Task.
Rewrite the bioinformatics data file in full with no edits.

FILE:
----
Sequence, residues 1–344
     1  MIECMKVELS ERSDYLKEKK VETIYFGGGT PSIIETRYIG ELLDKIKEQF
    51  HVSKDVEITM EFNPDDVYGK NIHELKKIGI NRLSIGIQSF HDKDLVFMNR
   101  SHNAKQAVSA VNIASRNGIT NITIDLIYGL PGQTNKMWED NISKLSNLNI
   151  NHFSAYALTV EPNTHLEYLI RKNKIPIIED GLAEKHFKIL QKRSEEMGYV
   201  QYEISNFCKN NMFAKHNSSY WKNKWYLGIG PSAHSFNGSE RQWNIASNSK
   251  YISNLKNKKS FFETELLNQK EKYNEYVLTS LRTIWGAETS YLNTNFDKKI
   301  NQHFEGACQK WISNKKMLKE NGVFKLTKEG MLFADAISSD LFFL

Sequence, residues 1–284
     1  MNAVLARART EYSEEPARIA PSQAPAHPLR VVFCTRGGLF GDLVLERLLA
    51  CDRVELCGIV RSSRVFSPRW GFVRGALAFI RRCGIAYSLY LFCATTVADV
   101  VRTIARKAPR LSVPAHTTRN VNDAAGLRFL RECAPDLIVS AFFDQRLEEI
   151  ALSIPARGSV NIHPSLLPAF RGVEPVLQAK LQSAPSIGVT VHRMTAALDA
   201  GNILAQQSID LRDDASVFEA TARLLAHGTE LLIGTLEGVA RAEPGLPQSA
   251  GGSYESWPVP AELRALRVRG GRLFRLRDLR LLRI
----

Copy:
Sequence, residues 1–344
     1  MIECMKVELS ERSDYLKEKK VETIYFGGGT PSIIETRYIG ELLDKIKEQF
    51  HVSKDVEITM EFNPDDVYGK NIHELKKIGI NRLSIGIQSF HDKDLVFMNR
   101  SHNAKQAVSA VNIASRNGIT NITIDLIYGL PGQTNKMWED NISKLSNLNI
   151  NHFSAYALTV EPNTHLEYLI RKNKIPIIED GLAEKHFKIL QKRSEEMGYV
   201  QYEISNFCKN NMFAKHNSSY WKNKWYLGIG PSAHSFNGSE RQWNIASNSK
   251  YISNLKNKKS FFETELLNQK EKYNEYVLTS LRTIWGAETS YLNTNFDKKI
   301  NQHFEGACQK WISNKKMLKE NGVFKLTKEG MLFADAISSD LFFL

Sequence, residues 1–284
     1  MNAVLARART EYSEEPARIA PSQAPAHPLR VVFCTRGGLF GDLVLERLLA
    51  CDRVELCGIV RSSRVFSPRW GFVRGALAFI RRCGIAYSLY LFCATTVADV
   101  VRTIARKAPR LSVPAHTTRN VNDAAGLRFL RECAPDLIVS AFFDQRLEEI
   151  ALSIPARGSV NIHPSLLPAF RGVEPVLQAK LQSAPSIGVT VHRMTAALDA
   201  GNILAQQSID LRDDASVFEA TARLLAHGTE LLIGTLEGVA RAEPGLPQSA
   251  GGSYESWPVP AELRALRVRG GRLFRLRDLR LLRI